Proper Clean / Polish / Wax - Alfa Romeo Forum
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Proper Clean / Polish / Wax

Hi Guys,

So the Alfa whispered to me yesterday that it would like a proper clean!

I got some good cleaning products, but just have a question on Polishing.

Am I best to use an electric polisher for a deep shine?

Any any recommendation on polisher / polish to use? (Rosso Red)

Got some good Wax that I can apply afterwards by hand.

Cheers
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Wash, rinse
Wash, rinse
Claybar the entire car
Wash, rinse

If you are going to use an electric machine to polish your car

a) buy a Dual Action or Orbital one
b) practice on a scrap panel
c) practice on a scrap panel
d) repeat steps b&c until you have perfected process.

Use Menzerna polish & pads, very good quality.
After polishing, remove residue with DoDo Juice Lime Prime Lite.
Seal your freshly polished and very shiney paint with a couple of coats of your preferred wax, applied as per makers instructions.
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If you have a lot of swirls then removing them will give you a deeper shine.

A machine polisher will give you better and faster results because it whizzes round at 500rpm and because the heat that this generates allows you to use more specialised polishing products that start off relatively abrasive and then break down into finer compounds.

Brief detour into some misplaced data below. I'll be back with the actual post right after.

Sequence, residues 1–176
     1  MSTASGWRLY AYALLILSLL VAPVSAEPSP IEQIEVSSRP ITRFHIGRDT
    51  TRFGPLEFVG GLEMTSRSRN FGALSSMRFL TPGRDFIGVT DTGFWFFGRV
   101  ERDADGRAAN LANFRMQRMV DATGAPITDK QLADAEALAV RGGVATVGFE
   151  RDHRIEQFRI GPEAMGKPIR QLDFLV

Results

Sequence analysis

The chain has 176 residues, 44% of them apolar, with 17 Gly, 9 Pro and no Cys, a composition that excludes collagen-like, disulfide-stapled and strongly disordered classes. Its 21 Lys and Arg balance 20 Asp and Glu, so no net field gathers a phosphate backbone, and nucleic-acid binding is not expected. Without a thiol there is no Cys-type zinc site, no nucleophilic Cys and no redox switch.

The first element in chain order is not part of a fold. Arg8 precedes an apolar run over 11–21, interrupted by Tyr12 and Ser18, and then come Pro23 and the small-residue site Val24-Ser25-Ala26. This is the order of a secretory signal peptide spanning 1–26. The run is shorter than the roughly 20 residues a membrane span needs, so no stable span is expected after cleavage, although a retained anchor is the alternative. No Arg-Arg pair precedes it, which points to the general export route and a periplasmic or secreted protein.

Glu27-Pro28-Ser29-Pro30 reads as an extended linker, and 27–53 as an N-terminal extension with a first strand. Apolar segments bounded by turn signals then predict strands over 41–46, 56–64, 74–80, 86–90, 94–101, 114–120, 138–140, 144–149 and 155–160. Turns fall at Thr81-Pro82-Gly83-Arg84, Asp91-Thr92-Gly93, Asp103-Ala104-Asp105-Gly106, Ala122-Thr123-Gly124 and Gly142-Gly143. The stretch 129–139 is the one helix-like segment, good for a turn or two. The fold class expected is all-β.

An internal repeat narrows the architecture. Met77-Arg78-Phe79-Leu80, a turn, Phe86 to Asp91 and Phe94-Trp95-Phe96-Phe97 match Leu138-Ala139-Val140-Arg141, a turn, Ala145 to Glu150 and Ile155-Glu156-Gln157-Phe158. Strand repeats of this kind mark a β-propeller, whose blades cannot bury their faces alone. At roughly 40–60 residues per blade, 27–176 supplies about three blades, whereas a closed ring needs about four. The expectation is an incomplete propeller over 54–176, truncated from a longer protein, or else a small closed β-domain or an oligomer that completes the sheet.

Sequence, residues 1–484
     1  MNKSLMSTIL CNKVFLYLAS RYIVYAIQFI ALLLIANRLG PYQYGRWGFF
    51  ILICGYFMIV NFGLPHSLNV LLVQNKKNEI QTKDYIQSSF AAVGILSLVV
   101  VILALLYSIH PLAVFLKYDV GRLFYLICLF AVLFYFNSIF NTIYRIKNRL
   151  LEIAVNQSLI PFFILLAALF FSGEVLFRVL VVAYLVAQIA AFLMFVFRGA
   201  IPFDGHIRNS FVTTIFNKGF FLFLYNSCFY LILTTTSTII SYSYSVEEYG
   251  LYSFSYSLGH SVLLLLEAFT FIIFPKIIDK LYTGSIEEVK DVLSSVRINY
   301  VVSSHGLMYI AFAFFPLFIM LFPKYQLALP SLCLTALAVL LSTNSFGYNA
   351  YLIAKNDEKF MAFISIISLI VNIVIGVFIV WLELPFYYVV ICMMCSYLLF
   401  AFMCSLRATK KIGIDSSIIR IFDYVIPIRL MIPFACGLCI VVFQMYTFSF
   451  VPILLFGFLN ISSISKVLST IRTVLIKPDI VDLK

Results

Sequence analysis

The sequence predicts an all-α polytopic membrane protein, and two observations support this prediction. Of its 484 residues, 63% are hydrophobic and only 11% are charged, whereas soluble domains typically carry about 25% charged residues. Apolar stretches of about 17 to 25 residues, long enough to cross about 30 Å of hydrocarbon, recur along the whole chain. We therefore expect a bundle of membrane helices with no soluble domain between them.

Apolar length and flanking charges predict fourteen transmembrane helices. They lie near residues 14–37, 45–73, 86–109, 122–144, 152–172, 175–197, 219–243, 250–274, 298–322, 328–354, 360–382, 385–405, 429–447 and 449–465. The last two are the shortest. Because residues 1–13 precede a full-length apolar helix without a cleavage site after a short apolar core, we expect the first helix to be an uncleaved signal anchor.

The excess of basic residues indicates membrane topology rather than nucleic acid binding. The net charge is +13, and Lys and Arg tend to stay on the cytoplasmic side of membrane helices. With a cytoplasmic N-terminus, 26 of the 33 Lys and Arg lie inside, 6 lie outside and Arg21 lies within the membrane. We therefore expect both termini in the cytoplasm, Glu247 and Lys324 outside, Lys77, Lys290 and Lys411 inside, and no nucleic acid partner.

By hand you have to rub away for hours using an abrasive polish and then switch to a finer one. It's all too much of a drag basically.

Use a dual-action polisher rather than a rotary .. they're safer for a novice and it's practically impossible to wreck the paint. Rotary's are more lary and you need to know what you're doing or you'll trash the paint.

Use the mildest polish that you need to get the job done. Start with the mildest there is, in the range you're using (unless you see the paint is really bad already) and see what happens. If it's taking too long to get anywhere, go to a more abrasive polish instead, then finish off with the milder one.

If you want to go all anoraky you can also vary the pad/polish combo's to give you different combinations of "cut".. but save that one for later.

There's millions of machine polishes out there. I use Poorboys as their system is easy to understand. SSR1 is mild, SSR2 is slightly less mild and SSR2.5 is a teeny bit more than less mild.. you get the idea.

You can still get good results by hand.. but choose a polish that is designed or doesn't mind being applied by hand. Autoglym Super Resin Polish is mildly abrasive and contains fillers that mask the swirls it doesn't remove (though obviously they'll appear again later on). I'd avoid T-Cut or cutting comppunds ,.. they'll be way too fierce (in Poorboys terms T-cut would be like SSR3).

The coloured polishes (Colour Magic etc) can give good results too by hand. They're less abrasive than T-Cut, a bit more abrasive than AG Super Resin Polish and are filler-heavy, so you'll get a gleaming result on red in particular.

Whatever system you use, wash teh car thoroughly before you start, clay it, polish it and then stick a wax over the top. Even the "cheapo" tins of Simoniz or Turtle Wax they sell in Halfords will do the job.. but you may want to try Autoglym HD Wax () or (slightly cheaper) something like AG's Extra Gloss Protection, which is a fluid that keeps the AG SRP fillers in place a bit longer than otherwise.